In most aspects of life, gender identity should be sufficient for determining inclusion in the category of male or female. However, the inclusion of trans-athletes into elite sport is not so straightforward, as inclusion conflicts with fairness. While treating elite trans-athletes differently from their cis-counterparts may be justifiable, we argue for replacing the gender binary in elite sport with something that recognises the difference between people (and so is fair), while creating space for all athletes (thus satisfying inclusion). The gender binary could be replaced with a multifaceted algorithm, similar to that used by the Paralympics [22]. The Paralympics use an algorithmic classification system based on function or the ‘degree of activity limitation’ relative to a particular sport, rather than athlete's medical condition [23]. The philosophy behind this functional approach is ‘to ensure the success of an athlete is determined by skill, fitness, power, endurance, tactical ability and mental focus’ [24] rather than physical ability, i.e. naturally occurring advantages. Just as the Paralympic algorithm is sport-specific and considers function rather than diagnosis, our proposed algorithm would be tailored to individual sports and account for a range of physiological and social factors that affect on athletic function. Physiological factors would include, but not be limited to, present testosterone levels and differences retained from prior male or female physiology. Social parameters would include, but not be limited to, gender identity and the socioeconomic background of the athlete's country of residence. Such factors will help to ensure that the most skillful athlete — not the most fortunate lucky athlete — will win. Our algorithm helps address unfair advantages, and so is fair. As it is applied to all athletes, it is inclusive.

Some will argue that an algorithm that can meet the needs of all athletes is unrealistic. They might point out that there are problems with the Paralympic algorithm, such as the lack of valid, sport-specific measures of impairment [25] and the risk that athletes may potentially exacerbate their impairment to gain a competitive advantage [26]. We agree that realising such an algorithm will be complex, require robust scientific research specifically concerning elite trans-athletes, and will generate challenging normative dilemmas. However, this is a poor reason to discount the notion of an algorithm. We could retain the gender divisions currently used in sport; however, we have an opportunity to develop a progressive response that adapts to evolving scientific evidence, as well as addressing social issues such as gender identity: ‘Inclusion is not bringing people into what already exists; it is making a new space, a better space for everyone’ [2] (p. i). The suggested algorithm provides the possibility of creating a new and better space for all instead of attempting to shoehorn athletes into our current flawed binary structure.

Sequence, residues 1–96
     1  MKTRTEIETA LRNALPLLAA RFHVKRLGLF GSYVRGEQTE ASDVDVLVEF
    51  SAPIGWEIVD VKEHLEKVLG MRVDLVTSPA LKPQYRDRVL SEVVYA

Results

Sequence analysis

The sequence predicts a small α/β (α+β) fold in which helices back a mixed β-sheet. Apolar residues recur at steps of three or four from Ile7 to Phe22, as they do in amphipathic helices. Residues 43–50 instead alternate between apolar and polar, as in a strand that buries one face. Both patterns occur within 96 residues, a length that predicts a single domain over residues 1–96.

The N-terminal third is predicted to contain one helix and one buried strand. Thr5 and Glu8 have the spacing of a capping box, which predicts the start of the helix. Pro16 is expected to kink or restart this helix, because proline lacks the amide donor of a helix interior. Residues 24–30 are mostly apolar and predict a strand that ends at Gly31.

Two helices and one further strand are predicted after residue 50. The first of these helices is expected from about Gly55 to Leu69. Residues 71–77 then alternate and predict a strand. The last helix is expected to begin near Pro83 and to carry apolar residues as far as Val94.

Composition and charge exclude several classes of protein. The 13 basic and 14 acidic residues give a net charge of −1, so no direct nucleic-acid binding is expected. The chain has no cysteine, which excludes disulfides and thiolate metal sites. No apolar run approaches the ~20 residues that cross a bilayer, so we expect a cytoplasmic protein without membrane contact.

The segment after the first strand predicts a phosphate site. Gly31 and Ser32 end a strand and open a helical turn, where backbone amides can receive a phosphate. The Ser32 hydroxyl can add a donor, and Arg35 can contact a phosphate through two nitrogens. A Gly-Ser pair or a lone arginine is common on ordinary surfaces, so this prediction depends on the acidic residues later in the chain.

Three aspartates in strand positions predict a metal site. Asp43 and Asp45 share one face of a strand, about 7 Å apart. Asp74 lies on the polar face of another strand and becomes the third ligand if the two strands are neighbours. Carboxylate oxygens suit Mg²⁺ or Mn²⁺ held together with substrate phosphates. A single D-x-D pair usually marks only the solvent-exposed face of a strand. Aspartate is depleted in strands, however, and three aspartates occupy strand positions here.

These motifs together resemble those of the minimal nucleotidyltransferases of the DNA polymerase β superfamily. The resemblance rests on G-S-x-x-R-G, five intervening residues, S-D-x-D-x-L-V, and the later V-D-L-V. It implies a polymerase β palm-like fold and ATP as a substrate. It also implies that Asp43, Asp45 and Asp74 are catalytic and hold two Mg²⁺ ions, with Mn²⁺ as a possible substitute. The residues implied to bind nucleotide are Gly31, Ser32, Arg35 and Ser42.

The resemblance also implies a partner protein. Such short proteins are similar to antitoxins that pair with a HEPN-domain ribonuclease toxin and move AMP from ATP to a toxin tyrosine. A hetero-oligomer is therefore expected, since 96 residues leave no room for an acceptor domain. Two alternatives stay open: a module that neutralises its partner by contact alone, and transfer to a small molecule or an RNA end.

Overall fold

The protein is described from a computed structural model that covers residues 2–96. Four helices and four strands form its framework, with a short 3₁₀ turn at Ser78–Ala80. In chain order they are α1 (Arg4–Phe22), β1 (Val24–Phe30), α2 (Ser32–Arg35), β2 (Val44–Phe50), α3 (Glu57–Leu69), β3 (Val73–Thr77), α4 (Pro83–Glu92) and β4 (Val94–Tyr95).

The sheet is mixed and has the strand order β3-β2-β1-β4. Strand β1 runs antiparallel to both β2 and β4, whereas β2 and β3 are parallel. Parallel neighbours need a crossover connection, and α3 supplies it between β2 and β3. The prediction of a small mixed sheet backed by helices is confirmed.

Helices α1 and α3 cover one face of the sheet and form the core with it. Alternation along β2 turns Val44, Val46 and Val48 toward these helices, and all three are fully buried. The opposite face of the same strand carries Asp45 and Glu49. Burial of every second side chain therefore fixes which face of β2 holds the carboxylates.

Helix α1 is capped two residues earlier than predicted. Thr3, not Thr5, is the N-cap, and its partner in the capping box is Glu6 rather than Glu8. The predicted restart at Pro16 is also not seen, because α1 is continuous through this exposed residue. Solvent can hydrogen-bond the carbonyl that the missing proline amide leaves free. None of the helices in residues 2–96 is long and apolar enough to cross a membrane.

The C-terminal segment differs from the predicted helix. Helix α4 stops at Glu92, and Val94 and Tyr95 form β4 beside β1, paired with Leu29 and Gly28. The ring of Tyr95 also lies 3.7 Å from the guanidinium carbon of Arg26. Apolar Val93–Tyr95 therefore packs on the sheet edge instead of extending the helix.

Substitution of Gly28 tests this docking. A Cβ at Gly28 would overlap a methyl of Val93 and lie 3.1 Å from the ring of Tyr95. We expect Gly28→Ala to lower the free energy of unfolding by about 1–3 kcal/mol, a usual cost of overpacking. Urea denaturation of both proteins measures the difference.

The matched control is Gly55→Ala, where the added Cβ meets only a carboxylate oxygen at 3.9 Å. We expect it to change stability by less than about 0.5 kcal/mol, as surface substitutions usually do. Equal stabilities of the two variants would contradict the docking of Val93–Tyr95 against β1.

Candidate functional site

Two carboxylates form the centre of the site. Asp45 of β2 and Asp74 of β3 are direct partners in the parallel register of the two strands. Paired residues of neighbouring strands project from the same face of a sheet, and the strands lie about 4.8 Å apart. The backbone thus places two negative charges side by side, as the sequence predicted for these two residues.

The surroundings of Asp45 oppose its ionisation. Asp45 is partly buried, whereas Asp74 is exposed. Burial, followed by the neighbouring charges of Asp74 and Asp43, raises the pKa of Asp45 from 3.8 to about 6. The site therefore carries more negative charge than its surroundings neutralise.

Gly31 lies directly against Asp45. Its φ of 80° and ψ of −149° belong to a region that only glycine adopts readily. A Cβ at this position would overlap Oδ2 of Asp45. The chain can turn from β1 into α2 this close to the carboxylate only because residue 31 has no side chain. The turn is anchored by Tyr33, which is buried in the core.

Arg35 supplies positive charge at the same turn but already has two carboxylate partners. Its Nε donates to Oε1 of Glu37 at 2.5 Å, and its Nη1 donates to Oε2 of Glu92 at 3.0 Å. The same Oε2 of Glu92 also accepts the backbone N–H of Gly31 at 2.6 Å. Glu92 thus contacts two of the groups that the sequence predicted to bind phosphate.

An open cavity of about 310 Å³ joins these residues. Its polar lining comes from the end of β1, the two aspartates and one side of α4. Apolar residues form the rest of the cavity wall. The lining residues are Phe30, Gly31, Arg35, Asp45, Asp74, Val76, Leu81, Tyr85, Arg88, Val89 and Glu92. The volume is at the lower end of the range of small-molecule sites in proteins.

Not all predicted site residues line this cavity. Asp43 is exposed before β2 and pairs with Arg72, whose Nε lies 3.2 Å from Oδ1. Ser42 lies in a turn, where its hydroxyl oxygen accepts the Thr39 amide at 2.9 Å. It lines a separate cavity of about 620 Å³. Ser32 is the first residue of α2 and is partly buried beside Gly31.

Summary

  • The principles of inclusion and fairness are important in elite sport.

  • Elite transwomen athletes have an advantage over their cis-counterparts due to relatively high testosterone levels and prior male physiology. Elite cismen athletes may also have an advantage over elite transmen athletes.

  • Hormone therapy (decreasing testosterone levels for transwomen and increasing testosterone levels for transmen) will not entirely eliminate the advantage.

  • The advantage afforded by testosterone and male physiology is unfair because (a) it is not attainable by ciswomen or transmen and (b) testosterone provides an all-purpose benefit.

  • An algorithm that accounts for social and physiological parameters would satisfy the principles of inclusion and fairness.

Abbreviations

     
  • IOC

    International Olympic Committee

Competing Interests

The Authors declare that there are no competing interests associated with the manuscript.

Appendix. Glossary of terms

     
  • Sex

    refers to a person's physical characteristics, including their reproductive system, hormones, chromosomes and external genitalia.

  •  
  • Gender

    refers to one's sense of self as male or female (or something else such as gender-neutral or gender-fluid).

  •  
  • Cisgendered people

    (i.e. ciswomen and cismen) are those for whom whose sex and gender align.

  •  
  • Transgendered people

    (i.e. transwomen and transmen) are those for whom the sex they were assigned at birth does not align with their gender identity.

  •  
  • Transwomen

    were assigned the male sex at birth but identify as female.

  •  
  • Transmen

    were assigned the female sex at birth but identify as male.